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The smallest changes make the biggest differences

When you make a positive change in your life, no matter how small, it always snowballs into something greater.

This is not a new concept by any means.

There are plenty of stories out there of people who started by losing weight.

They woke up one day, decided it wasn’t worth it to live their last 10-15 years of their life in sickness, and made a change and a great effort to stop eating junk and to work out.

From there, that small change they made in their eating habits followed over to them deciding that perhaps their career also needed a boost.

So they started paying more attention to doing a better job at work, asked for raises, negotiated fairly, worked hard, and were promoted.


After their health and career were on the rise and better than it ever was before, they tackled their finances and cleaned up their money act by reducing debt, budgeting and tracking their expenses and learning how to finally, be financially independent and smart about it.

It all starts from a small change, and no matter in what part of your life you want to make the change — Relationships, Family, Career, Health, Finances — starting somewhere with baby steps and slowly gaining the confidence that you can absolutely change each part of your life, makes a big difference.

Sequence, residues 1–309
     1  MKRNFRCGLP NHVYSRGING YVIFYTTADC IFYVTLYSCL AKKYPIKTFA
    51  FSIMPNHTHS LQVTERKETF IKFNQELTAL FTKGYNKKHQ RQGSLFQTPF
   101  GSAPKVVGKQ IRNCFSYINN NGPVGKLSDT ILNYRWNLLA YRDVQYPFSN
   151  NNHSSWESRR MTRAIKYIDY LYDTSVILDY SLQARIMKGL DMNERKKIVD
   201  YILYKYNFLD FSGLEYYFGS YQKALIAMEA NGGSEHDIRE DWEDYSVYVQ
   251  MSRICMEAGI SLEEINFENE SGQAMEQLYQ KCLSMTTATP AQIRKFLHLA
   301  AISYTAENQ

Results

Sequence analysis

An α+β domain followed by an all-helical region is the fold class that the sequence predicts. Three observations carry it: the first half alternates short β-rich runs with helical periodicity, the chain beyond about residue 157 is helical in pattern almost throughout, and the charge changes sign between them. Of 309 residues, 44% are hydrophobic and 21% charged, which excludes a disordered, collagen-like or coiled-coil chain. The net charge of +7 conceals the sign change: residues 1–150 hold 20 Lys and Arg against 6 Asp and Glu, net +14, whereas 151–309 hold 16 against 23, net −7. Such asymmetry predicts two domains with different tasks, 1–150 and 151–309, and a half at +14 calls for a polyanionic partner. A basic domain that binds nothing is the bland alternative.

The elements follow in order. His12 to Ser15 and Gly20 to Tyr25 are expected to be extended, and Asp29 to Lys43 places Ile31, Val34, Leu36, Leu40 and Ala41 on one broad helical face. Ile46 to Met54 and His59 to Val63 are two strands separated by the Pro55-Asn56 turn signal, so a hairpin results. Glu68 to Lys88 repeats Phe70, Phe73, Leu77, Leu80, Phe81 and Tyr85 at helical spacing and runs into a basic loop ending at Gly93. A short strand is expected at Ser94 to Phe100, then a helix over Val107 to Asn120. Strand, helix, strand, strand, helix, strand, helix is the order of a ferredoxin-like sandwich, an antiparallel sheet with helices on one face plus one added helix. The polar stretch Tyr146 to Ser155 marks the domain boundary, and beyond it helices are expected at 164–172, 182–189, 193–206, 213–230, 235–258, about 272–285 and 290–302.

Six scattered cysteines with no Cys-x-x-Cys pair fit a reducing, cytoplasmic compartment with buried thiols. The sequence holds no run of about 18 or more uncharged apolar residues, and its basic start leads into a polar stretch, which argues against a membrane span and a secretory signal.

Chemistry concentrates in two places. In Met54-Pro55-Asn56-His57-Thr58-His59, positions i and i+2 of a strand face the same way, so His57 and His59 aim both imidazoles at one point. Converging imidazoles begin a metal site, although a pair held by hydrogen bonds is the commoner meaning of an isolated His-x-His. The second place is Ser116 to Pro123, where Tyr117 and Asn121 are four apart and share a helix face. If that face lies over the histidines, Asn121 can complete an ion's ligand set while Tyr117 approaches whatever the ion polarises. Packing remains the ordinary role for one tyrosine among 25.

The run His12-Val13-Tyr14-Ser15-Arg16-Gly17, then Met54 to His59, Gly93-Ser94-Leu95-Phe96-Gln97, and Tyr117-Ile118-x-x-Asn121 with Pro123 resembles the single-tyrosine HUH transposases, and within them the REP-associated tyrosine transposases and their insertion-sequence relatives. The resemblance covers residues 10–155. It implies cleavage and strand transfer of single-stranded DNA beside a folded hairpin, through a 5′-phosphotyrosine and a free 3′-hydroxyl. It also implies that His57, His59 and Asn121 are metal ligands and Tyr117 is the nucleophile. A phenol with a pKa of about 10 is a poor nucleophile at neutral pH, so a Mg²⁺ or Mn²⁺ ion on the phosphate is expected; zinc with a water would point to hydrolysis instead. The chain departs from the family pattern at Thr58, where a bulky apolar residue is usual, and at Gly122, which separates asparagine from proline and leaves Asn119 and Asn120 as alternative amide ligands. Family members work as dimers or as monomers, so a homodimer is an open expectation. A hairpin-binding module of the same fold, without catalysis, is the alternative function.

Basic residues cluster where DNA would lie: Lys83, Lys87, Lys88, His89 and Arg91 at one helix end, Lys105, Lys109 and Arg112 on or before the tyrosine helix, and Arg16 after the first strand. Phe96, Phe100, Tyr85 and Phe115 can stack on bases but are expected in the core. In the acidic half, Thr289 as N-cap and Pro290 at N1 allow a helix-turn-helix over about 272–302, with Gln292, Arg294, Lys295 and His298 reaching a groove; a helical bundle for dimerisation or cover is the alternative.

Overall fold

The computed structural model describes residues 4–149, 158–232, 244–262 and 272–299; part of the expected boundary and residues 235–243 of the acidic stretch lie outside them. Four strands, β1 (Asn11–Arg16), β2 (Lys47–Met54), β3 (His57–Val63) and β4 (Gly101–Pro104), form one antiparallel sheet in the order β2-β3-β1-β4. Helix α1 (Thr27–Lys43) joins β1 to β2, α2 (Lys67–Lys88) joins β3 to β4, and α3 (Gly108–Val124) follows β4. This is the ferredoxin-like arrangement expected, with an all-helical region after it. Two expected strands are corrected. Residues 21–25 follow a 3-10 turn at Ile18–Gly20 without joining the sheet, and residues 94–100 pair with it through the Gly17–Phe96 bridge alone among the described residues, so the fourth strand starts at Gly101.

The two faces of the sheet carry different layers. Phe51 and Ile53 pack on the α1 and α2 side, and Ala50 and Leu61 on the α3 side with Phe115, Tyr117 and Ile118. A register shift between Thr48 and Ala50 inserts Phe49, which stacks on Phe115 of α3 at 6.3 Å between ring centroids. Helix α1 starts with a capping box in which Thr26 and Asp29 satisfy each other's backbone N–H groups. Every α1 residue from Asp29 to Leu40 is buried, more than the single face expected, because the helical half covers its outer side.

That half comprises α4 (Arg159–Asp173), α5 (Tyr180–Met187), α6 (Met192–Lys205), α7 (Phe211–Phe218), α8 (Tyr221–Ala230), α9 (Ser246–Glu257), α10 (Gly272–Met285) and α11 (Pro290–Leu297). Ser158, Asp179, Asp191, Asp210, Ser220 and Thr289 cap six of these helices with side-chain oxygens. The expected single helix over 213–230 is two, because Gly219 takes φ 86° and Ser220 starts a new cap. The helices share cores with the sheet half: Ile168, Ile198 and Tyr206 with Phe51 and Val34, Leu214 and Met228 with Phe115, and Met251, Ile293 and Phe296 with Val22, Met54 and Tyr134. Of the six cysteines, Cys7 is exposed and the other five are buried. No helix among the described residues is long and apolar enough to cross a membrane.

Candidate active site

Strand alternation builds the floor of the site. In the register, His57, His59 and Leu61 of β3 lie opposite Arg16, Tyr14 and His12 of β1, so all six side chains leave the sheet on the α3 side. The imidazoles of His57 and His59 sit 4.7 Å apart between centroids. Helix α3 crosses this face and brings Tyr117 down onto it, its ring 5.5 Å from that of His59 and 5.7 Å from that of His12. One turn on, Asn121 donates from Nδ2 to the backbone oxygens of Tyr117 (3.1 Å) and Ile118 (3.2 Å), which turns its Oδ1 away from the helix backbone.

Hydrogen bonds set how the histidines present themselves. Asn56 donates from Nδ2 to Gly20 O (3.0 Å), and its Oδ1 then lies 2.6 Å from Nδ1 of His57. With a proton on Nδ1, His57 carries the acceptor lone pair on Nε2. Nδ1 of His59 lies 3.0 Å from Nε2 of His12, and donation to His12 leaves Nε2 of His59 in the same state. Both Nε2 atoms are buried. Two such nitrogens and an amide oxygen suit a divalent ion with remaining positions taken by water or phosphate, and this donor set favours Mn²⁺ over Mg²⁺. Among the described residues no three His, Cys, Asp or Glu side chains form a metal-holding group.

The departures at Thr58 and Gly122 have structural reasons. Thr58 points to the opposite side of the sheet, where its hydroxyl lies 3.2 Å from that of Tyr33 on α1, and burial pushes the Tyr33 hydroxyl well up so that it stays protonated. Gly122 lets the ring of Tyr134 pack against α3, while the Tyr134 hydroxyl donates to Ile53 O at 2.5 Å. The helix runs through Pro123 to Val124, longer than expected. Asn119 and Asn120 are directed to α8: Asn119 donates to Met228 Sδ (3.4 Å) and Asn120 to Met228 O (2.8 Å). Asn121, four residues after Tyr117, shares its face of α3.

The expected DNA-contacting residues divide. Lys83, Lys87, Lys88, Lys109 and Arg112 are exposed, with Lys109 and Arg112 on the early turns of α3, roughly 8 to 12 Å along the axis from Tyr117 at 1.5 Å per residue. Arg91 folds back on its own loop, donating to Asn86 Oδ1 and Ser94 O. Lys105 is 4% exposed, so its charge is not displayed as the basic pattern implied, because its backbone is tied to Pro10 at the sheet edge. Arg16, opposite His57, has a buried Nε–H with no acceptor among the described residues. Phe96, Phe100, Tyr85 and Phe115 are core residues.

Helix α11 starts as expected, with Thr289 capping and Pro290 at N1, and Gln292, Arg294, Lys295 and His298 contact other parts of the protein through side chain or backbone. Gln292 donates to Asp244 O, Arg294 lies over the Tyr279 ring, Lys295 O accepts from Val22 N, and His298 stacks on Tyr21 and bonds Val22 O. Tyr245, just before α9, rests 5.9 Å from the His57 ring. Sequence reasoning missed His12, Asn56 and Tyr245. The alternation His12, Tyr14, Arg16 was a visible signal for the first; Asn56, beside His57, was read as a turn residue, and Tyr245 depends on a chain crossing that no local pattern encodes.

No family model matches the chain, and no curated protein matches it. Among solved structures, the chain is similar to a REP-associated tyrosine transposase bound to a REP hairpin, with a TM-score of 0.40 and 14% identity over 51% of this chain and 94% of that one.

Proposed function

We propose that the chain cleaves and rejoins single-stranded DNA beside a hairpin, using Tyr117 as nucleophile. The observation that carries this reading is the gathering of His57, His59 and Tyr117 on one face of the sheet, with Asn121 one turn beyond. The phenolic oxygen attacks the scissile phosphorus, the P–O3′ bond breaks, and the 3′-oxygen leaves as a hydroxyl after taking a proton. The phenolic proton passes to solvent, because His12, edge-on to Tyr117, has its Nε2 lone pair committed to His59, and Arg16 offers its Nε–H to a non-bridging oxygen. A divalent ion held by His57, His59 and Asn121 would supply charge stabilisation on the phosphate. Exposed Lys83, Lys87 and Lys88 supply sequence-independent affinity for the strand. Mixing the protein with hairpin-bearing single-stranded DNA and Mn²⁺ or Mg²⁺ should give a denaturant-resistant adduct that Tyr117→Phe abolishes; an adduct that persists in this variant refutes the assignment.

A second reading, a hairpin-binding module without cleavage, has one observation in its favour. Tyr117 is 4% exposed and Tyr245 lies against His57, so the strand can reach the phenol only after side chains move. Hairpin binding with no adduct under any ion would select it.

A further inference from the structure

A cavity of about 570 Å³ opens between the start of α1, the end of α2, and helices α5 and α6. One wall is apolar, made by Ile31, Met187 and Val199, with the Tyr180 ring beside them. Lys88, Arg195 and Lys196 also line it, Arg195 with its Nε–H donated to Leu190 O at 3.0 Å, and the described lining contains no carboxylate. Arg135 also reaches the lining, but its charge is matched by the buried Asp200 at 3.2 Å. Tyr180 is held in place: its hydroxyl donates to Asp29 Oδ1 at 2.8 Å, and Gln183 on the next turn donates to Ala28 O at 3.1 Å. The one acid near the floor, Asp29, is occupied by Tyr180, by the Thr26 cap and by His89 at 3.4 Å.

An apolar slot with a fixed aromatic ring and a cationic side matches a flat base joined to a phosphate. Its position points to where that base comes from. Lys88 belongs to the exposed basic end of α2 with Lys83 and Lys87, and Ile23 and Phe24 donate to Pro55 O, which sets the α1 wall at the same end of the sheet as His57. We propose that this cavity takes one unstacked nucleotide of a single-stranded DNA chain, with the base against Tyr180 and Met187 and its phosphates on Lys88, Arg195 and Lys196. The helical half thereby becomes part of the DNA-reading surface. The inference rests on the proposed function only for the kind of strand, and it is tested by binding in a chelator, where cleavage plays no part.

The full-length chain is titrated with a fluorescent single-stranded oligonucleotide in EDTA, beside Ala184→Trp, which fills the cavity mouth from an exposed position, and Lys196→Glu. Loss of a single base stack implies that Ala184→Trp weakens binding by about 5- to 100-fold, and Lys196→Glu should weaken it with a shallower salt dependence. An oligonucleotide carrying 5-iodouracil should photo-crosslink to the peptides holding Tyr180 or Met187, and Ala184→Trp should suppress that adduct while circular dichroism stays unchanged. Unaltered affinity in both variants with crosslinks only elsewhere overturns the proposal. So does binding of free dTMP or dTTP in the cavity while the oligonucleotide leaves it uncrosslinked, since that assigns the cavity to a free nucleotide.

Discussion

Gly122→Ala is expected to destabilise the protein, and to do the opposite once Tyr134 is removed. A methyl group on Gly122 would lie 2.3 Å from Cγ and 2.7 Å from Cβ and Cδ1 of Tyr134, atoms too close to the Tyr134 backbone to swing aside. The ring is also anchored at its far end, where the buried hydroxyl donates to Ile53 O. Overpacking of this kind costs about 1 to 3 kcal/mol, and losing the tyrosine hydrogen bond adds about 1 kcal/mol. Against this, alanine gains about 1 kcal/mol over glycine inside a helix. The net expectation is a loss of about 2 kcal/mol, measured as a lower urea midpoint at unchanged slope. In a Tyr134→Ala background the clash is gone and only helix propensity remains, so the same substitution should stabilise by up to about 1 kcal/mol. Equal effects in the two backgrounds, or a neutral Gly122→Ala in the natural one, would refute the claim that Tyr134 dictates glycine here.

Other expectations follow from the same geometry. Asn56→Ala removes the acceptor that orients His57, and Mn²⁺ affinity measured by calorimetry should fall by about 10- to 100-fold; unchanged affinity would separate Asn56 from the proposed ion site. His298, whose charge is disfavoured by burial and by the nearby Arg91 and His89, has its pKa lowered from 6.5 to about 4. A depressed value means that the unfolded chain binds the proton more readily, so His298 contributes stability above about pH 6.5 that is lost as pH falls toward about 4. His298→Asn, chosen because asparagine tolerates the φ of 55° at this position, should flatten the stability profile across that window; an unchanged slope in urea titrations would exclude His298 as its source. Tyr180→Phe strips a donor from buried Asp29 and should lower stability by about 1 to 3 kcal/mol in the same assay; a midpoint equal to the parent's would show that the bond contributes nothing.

All it takes is a decision to make a positive change somewhere.

With discipline and determination, small changes can turn into big ones.


1. Choose one part of your life you want to improve

Don’t choose every part of your life. Just choose ONE area that would impact you the most.

Let’s take for example you want to have a healthier lifestyle, and to have more energy and lightness.

2. Start small, and create a SMALL goal

Instead of telling yourself that you are going to do all of these great and wonderful things all at once like give up junk food forever cold turkey, eat only fruits and vegetables, work out 3X a week and run a marathon at the end of the year, start SMALL.

Start by saying: I will stop going out to eat at fast food restaurants everyday for lunch at work, and start packing my lunch. I will only go out to eat on occasion with colleagues.

That’s it.


3. Build on that small goal and make it into a bigger overall goal

Once you get comfortable with making your own lunch and it becomes a habit after 6 months, you may eventually stop eating fast food altogether having lost the taste for it.

Then in another part of your new change, you can start deciding that maybe you should also take a little walk around the neighborhood after dinner every night.

Just a small little walk, nothing big.

Then maybe that walk escalates to putting on running shoes and jogging a bit once a week instead of walking.

..and so on and so on!

That’s really all it takes.

One small change somewhere, to snowball into a bigger change overall for your life.



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